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The Art of Science

14th February 2013

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(NASA)  Was this picture taken from outside our Galaxy? No, it is a composite taken from Earth orbit, well inside our Milky Way Galaxy. In light just a little too red for human eyes to see - "near infrared" electromagnetic radiation - the disk and center of our Galaxy stand out giving an appearance likely similar to seeing our Galaxy from the outside in visible light. The above COBE image was reprocessed for higher resolution and shows red stars and dust in our Galaxy superposed against the faint glow of many dim stars in distant galaxies. Faintly visible as an S-shaped sash running through the image center is zodiacal light — dust in our own Solar System. Compared to the far-infrared sky, little Galactic dust is visible. The two smudges on the lower right are the Large and Small Magellanic Clouds neighboring galaxies.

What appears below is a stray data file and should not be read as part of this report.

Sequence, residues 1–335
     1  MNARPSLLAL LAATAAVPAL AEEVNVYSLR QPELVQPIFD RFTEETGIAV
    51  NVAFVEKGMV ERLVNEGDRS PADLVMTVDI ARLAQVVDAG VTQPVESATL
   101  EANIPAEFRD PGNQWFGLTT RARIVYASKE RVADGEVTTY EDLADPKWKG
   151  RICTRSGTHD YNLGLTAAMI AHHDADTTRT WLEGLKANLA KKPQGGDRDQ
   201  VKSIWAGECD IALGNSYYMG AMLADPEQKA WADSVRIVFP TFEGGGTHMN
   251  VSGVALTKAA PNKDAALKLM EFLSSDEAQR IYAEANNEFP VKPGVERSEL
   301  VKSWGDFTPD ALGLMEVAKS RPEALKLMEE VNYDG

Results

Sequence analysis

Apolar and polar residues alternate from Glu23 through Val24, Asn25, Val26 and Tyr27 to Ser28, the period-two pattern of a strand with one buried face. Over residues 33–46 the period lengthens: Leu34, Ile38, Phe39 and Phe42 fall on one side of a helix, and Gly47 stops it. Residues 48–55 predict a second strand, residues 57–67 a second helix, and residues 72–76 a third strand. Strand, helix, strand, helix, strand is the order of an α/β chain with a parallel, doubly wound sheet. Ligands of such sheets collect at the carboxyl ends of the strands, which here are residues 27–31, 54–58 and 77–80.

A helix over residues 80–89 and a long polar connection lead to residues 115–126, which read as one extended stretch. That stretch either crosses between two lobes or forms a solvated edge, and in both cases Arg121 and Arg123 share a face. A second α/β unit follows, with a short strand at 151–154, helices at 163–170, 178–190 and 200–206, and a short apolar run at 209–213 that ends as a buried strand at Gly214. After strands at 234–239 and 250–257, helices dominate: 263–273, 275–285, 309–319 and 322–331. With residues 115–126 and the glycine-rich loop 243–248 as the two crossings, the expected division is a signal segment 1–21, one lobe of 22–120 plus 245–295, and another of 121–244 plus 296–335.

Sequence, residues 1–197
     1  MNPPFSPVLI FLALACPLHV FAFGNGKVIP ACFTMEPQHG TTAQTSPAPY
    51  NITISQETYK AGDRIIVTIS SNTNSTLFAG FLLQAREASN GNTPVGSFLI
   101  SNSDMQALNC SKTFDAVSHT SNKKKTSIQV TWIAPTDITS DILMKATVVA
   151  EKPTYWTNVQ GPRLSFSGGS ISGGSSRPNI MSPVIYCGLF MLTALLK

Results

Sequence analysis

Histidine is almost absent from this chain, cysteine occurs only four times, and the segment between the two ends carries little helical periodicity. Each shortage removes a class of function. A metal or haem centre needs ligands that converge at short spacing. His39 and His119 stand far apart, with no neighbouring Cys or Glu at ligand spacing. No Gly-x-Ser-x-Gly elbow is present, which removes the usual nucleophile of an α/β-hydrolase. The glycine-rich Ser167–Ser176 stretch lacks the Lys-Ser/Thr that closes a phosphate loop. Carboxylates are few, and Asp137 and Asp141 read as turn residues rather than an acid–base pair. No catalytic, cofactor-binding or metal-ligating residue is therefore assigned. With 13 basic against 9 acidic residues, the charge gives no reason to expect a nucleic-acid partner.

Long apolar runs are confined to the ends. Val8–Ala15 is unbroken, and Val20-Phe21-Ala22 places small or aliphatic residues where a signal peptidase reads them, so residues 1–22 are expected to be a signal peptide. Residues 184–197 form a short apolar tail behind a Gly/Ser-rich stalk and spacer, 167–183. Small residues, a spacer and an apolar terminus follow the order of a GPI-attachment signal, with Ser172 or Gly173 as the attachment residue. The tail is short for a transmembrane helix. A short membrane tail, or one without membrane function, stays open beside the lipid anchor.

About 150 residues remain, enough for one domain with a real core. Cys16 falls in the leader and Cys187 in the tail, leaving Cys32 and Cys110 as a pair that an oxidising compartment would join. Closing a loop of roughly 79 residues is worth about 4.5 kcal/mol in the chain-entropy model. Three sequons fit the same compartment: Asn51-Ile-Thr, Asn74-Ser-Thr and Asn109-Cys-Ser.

(NASA)  Was this picture taken from outside our Galaxy? No, it is a composite taken from Earth orbit, well inside our Milky Way Galaxy. In light just a little too red for human eyes to see - "near infraredelectromagnetic radiation - the disk and center of our Galaxy stand out giving an appearance likely similar to seeing our Galaxy from the outside in visible light. The above COBE image was reprocessed for higher resolution and shows red stars and dust in our Galaxy superposed against the faint glow of many dim stars in distant galaxies. Faintly visible as an S-shaped sash running through the image center is zodiacal lightdust in our own Solar System. Compared to the far-infrared sky, little Galactic dust is visible. The two smudges on the lower right are the Large and Small Magellanic Clouds neighboring galaxies.

Tagged: NASAMilky Way Galaxyelectromagnetic radiation

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